Minyan Mailbag: Costco and Gas Prices
A retailer can't control the weather or gas. The marketplace is what it is. Costco's job is to make money operating in it.
Minyan Mark writes:
As a retail guy, I thought you might be interested in some anecdotal evidence of how the consumer may be acting in one small market. I live in Bozeman, Montana, a metro area of about 60,000 folks, a college town with above average income for Montana.
Late on Sunday I went to Costco for a few items to set the stage for the Memorial day outing. As I was leaving I ran into the store manager and asked him how things were going. He said glumly,"terrible, this is the worst Memorial day weekend we have had at this store in eight years, we are down over $91,000 gross from Friday to Sunday." I asked him what he thought was the reason for the shortfall, folks out of town or what? He said,"without question it is the price of gasoline, it is cutting hard into peoples' budgets, it sure is to mine." Gas in Bozeman for unleaded is $3.27 a gallon. A year ago it was about $2.79. Big difference and it makes a dent in an area like Bozeman where we put in a lot of windshield time.
Thanks very much for the note, Mark. I've said it before and it bears repeating: you can learn an awful lot just hanging out in retailers like Costco (COST)... and if you can get a friendly manager (much too friendly from Costco Corporate's perspective, I'm sure) to talk to you it's like stumbling upon unpublished research reports and economic textbooks, all at once.
Gas makes up about 3% of consumers' budgets; believe it or not, that percentage is actually down from where it was 15 or 20 years ago. So, the economists (and/or bulls) will tell you that gas prices make for meaty headlines but don't actually "matter" much in an economic sense. On the other hand, retail managers, who get graded largely on the basis of their numbers over last year, will tell you that gas is a make-or-break issue for their customers and, by extension, the managers.
In terms of the stocks themselves, I remain in the camp which says, "sell any retailer blaming gas or the weather for shortfalls." My reasoning is simple, if harsh: A retailer can't control the weather or gas. The marketplace is what it is. CostCo's job is to make money operating in it. Retailers who are hitting estimates tend not to blame anything or see the problems (see: JC Penney (JCP) and Target (TGT), both of whom hit estimates recently and pronounced the consumer just fine, thank you).
I think gas prices are a headwind for the all the retailers this summer. I think it's a problem and it's one reason I'm not inclined to make huge bets on retailers during "the summer driving season (when gas prices tend to peak and retail sales tend to trough)". If I'm buying retailers for anything other than a trade these days I'm looking either at the aforementioned High Performers, who don't see the excuse, or companies like Wal-Mart (WMT) where the news is so monotonously bad, and the excuses are so frequent, that no one pays an attention to the whining.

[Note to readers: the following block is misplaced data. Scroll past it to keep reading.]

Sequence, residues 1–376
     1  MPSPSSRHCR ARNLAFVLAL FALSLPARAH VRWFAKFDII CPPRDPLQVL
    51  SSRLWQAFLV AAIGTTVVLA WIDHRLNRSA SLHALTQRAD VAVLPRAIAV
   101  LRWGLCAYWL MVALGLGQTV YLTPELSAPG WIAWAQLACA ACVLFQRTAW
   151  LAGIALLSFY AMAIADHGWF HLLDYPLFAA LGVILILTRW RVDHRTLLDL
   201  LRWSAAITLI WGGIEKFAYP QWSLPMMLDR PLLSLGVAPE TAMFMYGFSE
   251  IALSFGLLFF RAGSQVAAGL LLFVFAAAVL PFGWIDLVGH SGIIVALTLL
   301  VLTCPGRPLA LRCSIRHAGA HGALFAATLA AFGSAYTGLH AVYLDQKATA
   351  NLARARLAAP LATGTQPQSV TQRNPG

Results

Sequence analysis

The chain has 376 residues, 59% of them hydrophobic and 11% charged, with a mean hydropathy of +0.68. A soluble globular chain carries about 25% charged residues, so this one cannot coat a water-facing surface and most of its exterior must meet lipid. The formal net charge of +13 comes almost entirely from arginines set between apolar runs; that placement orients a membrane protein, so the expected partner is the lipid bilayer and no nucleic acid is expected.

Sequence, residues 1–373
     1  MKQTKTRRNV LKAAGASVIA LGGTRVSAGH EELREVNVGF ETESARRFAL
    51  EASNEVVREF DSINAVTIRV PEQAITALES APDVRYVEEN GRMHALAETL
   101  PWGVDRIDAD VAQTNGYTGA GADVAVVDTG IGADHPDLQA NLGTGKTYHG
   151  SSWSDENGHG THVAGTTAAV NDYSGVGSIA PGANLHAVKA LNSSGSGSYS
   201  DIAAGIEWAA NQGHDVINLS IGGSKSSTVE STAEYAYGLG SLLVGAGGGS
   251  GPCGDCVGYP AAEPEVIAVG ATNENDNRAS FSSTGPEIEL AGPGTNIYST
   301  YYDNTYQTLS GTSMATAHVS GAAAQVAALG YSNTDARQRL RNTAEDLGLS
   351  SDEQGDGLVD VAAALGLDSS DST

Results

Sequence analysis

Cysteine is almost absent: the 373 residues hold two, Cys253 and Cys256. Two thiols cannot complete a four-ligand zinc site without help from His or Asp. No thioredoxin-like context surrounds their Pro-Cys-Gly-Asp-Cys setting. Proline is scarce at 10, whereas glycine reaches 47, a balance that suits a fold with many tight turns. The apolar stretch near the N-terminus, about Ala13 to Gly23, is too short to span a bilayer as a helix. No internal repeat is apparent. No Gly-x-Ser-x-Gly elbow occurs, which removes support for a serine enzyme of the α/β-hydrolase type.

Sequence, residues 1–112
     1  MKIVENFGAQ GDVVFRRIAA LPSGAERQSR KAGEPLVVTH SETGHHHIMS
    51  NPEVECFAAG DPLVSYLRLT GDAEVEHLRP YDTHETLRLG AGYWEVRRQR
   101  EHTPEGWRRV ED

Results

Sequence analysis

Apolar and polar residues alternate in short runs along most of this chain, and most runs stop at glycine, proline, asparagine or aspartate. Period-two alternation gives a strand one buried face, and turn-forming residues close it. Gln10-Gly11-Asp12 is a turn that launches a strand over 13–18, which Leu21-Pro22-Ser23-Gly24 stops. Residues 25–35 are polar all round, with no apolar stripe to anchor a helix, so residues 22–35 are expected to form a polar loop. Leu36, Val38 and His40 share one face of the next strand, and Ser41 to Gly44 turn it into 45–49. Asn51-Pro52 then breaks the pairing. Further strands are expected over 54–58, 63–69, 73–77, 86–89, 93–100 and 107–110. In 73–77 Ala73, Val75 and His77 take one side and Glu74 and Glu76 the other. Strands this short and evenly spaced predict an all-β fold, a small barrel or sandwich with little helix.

None of which is intended to minimize the impact of gas prices on consumers like us. I drive into the city every day and the price to fill my tank is a growing thorn in my side and my mood. The only way to deal with it is to try to ratchet up our incomes from the stock market, which is the whole point of life in the Ville and why I appreciate you sharing your notes from the local Costco.
The information on this website solely reflects the analysis of or opinion about the performance of securities and financial markets by the writers whose articles appear on the site. The views expressed by the writers are not necessarily the views of Minyanville Media, Inc. or members of its management. Nothing contained on the website is intended to constitute a recommendation or advice addressed to an individual investor or category of investors to purchase, sell or hold any security, or to take any action with respect to the prospective movement of the securities markets or to solicit the purchase or sale of any security. Any investment decisions must be made by the reader either individually or in consultation with his or her investment professional. Minyanville writers and staff may trade or hold positions in securities that are discussed in articles appearing on the website. Writers of articles are required to disclose whether they have a position in any stock or fund discussed in an article, but are not permitted to disclose the size or direction of the position. Nothing on this website is intended to solicit business of any kind for a writer's business or fund. Minyanville management and staff as well as contributing writers will not respond to emails or other communications requesting investment advice.
Copyright 2011 Minyanville Media, Inc. All Rights Reserved.
Daily Recap Newsletter